Will the Paleo Diet prevent cancer ?

 

Background information 

The paleo diet is a diet trend that began at some point the in 1970s. The diet requires the partaking person to consume food that only existed during paleolithic times (over 20,000 years ago). If the food could be hunted or gathered thousands of years ago, it is considered fair use for the paleo diet. While there is no official listing of what is and isn’t allowed, it is generally accepted that the following may be eaten: meat, fish, vegetables, fruit, roots, and nuts. The diet also bans anything developed after the agricultural period; salt, sugar, grains, and dairy are all on the chopping block. As a result of the diet’s conditions, it is often known as the “Caveman diet”. The diet claims to be able to prevent diseases and medical conditions from occurring that did not exist in the stone age, such as cancer and diabetes. Follower of the diet believe that humans should only eat what was meant to be eaten by our ancestors.

Personal views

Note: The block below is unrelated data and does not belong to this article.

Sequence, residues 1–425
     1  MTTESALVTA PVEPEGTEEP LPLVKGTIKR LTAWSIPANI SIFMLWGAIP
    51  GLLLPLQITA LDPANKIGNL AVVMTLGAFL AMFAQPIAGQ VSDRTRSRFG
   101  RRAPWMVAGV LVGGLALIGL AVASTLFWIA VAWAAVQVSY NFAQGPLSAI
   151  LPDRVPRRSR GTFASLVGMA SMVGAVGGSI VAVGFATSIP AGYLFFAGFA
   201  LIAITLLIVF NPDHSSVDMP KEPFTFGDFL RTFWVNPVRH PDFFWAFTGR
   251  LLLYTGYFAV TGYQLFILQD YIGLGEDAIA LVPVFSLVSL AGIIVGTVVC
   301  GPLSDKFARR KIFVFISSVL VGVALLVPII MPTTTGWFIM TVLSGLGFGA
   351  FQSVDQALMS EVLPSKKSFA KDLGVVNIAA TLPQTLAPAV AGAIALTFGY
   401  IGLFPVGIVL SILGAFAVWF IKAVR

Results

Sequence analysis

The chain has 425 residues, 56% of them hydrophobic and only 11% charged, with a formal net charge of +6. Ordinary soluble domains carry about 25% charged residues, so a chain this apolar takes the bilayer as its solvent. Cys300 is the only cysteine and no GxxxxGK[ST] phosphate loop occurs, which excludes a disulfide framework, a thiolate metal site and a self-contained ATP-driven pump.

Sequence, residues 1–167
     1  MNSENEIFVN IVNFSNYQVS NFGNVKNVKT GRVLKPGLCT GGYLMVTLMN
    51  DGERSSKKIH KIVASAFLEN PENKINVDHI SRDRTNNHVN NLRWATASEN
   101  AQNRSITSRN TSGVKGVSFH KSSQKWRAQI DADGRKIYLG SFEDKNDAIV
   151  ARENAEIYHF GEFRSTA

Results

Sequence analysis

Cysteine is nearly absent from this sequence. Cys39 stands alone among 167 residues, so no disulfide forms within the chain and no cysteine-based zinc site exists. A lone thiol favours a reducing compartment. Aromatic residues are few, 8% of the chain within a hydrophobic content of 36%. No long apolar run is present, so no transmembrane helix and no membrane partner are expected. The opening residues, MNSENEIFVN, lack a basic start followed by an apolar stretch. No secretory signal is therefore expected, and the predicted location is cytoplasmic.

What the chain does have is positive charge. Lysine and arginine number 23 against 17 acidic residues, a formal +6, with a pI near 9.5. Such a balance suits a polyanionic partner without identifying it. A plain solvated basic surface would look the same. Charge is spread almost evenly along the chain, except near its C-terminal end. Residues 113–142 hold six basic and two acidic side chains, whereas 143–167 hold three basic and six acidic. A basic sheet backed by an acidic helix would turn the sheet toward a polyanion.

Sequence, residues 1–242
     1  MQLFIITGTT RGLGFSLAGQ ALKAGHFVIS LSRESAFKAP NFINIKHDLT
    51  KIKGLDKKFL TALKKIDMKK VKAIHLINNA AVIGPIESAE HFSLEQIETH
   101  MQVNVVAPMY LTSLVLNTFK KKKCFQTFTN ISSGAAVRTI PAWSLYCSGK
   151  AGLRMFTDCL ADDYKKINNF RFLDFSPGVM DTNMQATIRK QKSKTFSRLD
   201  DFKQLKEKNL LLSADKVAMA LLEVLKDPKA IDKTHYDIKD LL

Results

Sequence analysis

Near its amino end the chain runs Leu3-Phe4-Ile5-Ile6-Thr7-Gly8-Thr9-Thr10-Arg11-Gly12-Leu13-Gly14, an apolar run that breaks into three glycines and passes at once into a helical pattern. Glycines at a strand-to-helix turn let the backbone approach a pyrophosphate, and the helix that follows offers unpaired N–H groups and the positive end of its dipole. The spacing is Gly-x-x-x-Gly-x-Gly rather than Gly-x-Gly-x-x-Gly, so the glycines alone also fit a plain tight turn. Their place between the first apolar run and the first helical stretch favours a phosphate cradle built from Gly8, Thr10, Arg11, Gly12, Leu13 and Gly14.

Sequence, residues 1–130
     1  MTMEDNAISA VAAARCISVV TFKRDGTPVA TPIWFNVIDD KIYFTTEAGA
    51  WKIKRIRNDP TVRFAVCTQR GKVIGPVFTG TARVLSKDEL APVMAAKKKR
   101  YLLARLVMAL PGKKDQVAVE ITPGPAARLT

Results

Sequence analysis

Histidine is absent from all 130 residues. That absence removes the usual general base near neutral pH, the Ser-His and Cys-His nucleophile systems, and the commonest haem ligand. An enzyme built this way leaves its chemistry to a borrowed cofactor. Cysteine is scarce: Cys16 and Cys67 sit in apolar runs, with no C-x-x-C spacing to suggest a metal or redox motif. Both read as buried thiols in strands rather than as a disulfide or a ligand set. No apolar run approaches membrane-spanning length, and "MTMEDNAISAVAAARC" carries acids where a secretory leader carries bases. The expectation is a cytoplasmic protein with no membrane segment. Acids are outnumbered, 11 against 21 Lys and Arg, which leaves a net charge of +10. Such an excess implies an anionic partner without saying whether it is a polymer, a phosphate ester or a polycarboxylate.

My personal belief is that the diet is a radical answer to modern medical issues. While it may be true that in the stone age humans were more fit and suffered from less medical conditions such as diabetes, altering our diets to this extreme is not the answer. Surely we can survive off of meat and vegetables alone, but why would we shoot ourselves in the foot like that? It isn’t hard to eat healthy without resorting to following what our ancestors did. To me, this diet is not a progressive answer to our current health problems. The paleo diet has so many flaws and can be devastating if not done properly. With so many restrictions, it can be very easy to miss out on vitamins and minerals needed to fuel our daily lives. Sure processed foods have their own issues, but restricting almost all foods from a diet in 2016 is not going to be easy to follow or appropriate for many of our health goals. While the diet may be innovative, I do not believe it is the true answer to cancer and diabetes. Perhaps if the diet could be tweaked a little it could be a viable and healthy option; in its current state, it falls short and any drastic changes would destroy the roots of the diet.

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